Biographical Sketches of Leading Citizens
Lawrence County Pennsylvania 1897


Elisha Caswell[p. 403] the subject of this biography, whose portrait appears on the opposite page, is a brick and stone contractor of New Castle, where he has made his home for the past thirty years, and where for over twenty years he has been identified with the building trades and industries. He was born in Richmond, Va., July 2, 1850, and is a, son of Elisha and Anne (Moss) Caswell.

Our subject's mother was a daughter of George and Bessie Moss. George Moss brought his family, in which was his daughter Annie, to this country from Staffordshire, England, and after his arrival in the United States first worked at Haverstraw, N. Y., but went from there before the war to Richmond, Va., where commencing as a heater and roller in an iron furnace he rose by industry and superior ability to the position of superintendent of the iron works, and became a man of means. He lived to a good old age, and died in the South. Our subject's father was born in the State of Massachusetts, where for a number of years in his youth he worked as a bookkeeper. He afterwards learned the trade of a nail-maker, and became foreman in the Dago's Nail Works at Belle Isle, Richmond, Va. He built a mill at Manakin, Va., which he lost by fire with the savings of many years. He returned to Belle Isle after this financial reverse, and departed this life there in 1852.

Elisha E. Caswell was reared in the city of Richmond, Va., and secured an education in the private schools of that place, attending whenever oportunity offered. At the age of nine years he began work in the nail mill, and for four years was thus employed, and also selling papers in the Confederate Army. In 1863, he made his way from the rebel capital to Baltimore Md., and thence to Wilmington, Del., where he worked for three years. In the spring of 1867, he came to New Castle, where he worked in the nail mill until 1870, in which year he started to learn the trade of a brick and stone mason. Within a few years, with the enterprise and independence so characteristic of him, he worked as a journeyman and began contracting for himself, in which he has met with the most unqualified success. Many fine buildings and handsome structures in New Castle and the vicinity testify to his skill, taste and careful workmanship. This brief epitome of Mr. Caswell's life brings out the manly qualities of self-reliance and perseverance, that have enabled him to accomplish what he has; his life has been a steady advance from the age of nine years when he set out to support himself till the present time, when he occupies a recognized place in the community as one of its leading citizens.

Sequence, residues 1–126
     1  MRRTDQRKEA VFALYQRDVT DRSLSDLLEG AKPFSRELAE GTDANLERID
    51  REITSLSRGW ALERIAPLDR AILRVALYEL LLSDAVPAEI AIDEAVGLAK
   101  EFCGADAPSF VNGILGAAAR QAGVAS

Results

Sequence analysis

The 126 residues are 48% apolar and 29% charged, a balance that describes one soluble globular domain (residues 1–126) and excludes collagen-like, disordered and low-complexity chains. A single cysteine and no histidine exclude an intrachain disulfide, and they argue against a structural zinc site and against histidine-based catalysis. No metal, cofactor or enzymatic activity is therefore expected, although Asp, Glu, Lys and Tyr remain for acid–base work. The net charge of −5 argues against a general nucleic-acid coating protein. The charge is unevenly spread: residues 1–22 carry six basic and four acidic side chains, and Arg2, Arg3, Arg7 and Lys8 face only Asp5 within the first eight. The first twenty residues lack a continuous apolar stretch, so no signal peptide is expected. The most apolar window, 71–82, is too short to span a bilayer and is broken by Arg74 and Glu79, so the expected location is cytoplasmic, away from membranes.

Mr. Caswell was married Nov. 6, 1873, to Emma A. Fisher, daughter of Henry and Catherine (Cummings) Fisher, the latter a daughter of James and Sarah (Burge) Cummings. Henry Fisher, a brick contractor of New Castle, was a son of Solomon and Polly (Stickle) Fisher, and grandson of George and Catherine (Haager) Fisher; the father of George Fisher was a native of Saxony, Germany. To Mr. Caswell and his wife had been given four children, as follows: Henry Guy; Bertha Althea: Emma Belle; and Annie Ellen. Mrs. Caswell died April 23, 1897. Mr. Caswell is a member in good standing of the Disciples Church. In his political beliefs, he sides with the Republican party. Mr. Caswell is a friend of organized labor, and is a member of the Bricklayers' International Union. Both Mr. and Mrs. Caswell were members of the Protected Home Circle, New Castle Lodge, No. 6. He has a pleasant home on Spruce Street, where the family dispense their every-ready hospitality with lavish hand.

On the outbreak of the Civil War, a brother of Mr. Caswell, who was at work in the Treadgear Iron Works at Richmond, was conscripted and forced to serve in the militia company, formed of the operatives of the works. At the first opportunity he deserted, and came to the North.

Biographical Sketches of Leading Citizens Lawrence County Pennsylvania
Biographical Publishing Company, Buffalo, N.Y., 1897

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